The remaining stock of the London branch was sold to Lacloche Frères, the Paris jeweller. Lawyers were instructed to wind up the London business. Following the Russian Revolution, the House was taken over by a ‘Committee of the Employees of the Company K. Fabergé’.


The House of Fabergé was nationalised. In early October its stock was confiscated.




In November, Peter Carl Fabergé left St Petersburg on the last diplomatic train for Riga from where he fled to Germany. In December, Eugène together with his mother, travelled in darkness by sleigh and on foot to Finland. The Bolsheviks imprisoned Agathon and Alexander, the Fabergés’ two middle sons.

In June 1920, Eugène travelled to Germany to take his father to Switzerland where other members of the family had taken refuge. Peter Carl Fabergé died in Pully (near Lausanne) in September.



Eugène, together with his brother Alexander (who had managed to escape from the USSR when a friend bribed guards) settled in Paris. They establish Fabergé & Cie, which traded in and re-stored objects made by the House of Fabergé, as well as general jewellery and objets d’art. The pieces they made were clearly marked Fabergé, Paris so as to avoid any confusion with items made by the House in Russia.





Sam Rubin, an American of Russian descent, started a perfume business. Upon the suggestion of his friend Dr Armand Hammer, who at the behest of Lenin became the Soviets’ first foreign concessionaire, branded his perfumes Fabergé and formed Fabergé Inc. This was done without the family’s permission.



After discovering Rubin’s activities, the Fabergé family decided to settle out of court so as to avoid high legal fees. Rubin paid just US$25,000 to use their name solely for perfume.

1964 - 1989

Samuel Rubin sold Fabergé Inc to George Barrie’s cosmetic company Rayette for US$26 million. The combined company was called Rayette-Fabergé Inc. In 1971 the company’s name reverted to Fabergé Inc. in 1984 Fabergé Inc was sold for US$180 million, three years later Fabergé Inc acquired Elizabeth Arden for US$700 million.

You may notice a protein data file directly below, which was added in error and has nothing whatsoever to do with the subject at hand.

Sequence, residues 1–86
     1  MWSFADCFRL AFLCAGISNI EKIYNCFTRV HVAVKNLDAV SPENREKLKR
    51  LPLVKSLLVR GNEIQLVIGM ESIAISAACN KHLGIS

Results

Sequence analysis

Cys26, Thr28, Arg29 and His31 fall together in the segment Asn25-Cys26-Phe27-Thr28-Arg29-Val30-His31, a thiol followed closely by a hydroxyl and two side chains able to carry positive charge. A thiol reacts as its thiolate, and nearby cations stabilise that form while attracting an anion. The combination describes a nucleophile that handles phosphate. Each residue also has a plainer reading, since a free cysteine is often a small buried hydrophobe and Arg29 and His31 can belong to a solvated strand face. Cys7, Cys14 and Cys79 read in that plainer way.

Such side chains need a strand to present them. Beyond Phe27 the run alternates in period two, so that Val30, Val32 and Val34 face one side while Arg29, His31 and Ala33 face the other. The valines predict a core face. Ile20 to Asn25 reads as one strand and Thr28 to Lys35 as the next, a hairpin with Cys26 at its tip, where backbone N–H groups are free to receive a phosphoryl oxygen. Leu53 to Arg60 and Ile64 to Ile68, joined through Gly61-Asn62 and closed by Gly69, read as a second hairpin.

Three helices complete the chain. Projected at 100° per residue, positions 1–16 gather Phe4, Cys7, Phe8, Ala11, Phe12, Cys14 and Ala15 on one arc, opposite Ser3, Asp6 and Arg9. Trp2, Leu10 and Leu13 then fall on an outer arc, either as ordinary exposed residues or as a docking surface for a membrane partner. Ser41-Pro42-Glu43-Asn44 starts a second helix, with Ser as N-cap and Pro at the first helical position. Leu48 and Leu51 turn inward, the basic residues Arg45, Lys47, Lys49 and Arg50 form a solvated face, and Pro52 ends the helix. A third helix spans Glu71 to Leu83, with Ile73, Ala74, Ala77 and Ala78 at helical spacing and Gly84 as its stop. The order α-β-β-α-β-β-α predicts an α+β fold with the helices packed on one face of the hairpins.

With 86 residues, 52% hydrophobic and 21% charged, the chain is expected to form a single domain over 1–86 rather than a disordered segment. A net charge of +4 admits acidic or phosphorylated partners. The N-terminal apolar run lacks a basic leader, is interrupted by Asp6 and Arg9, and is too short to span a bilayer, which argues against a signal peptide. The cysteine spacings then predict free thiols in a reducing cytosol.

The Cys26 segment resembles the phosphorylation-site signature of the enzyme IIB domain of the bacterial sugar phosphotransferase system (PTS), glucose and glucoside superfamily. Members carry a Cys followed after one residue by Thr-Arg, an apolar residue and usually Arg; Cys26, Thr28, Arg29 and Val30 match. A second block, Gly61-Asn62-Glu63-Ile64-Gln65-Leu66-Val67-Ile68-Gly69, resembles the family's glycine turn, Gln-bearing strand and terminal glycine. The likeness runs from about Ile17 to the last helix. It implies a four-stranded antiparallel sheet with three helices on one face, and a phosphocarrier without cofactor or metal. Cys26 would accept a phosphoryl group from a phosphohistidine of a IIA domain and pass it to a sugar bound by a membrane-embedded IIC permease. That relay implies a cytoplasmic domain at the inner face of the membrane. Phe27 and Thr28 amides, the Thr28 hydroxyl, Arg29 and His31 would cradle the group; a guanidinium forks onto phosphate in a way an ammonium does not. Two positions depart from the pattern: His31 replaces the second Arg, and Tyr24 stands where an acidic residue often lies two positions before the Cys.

In 1989 Unilever bought Fabergé Inc (including Elizabeth Arden) for US$1.55 billion. Noting that Sam Rubin had registered the name for jewellery in 1946, it registered the Fabergé name as a trademark across a wide range of merchandise internationally and granted licenses to third parties to produce a wide range of products under the Fabergé name. Additionally it changed the name of a subsidiary from Lever Brothers Limited to Lever Fabergé Limited, meaning that the name associated with Imperial Eggs appeared on a domestic cleaning range for use in lavatories, blocked drains, cleaning kitchen and bathrooms as well as washing machines.




Fabergé Limited announces that it acquired the Fabergé trademarks, licenses and associated rights relating to the Fabergé name from Unilever. The Fabergé name is reunited with the Fabergé family. The Fabergé Heritage Council is established to guide the company in its pursuit of Fabergé’s original heritage of excellence in creativity, design and craftsmanship.



At 9am on September 9th 2009 (09.09.09), Fabergé is re-launched with the introduction of the ‘Les Fabuleuses’ High Jewellery collection. By 31st December 2012, all the licenses granted to third parties had lapsed or been terminated and the name no longer appeared on cleaning products.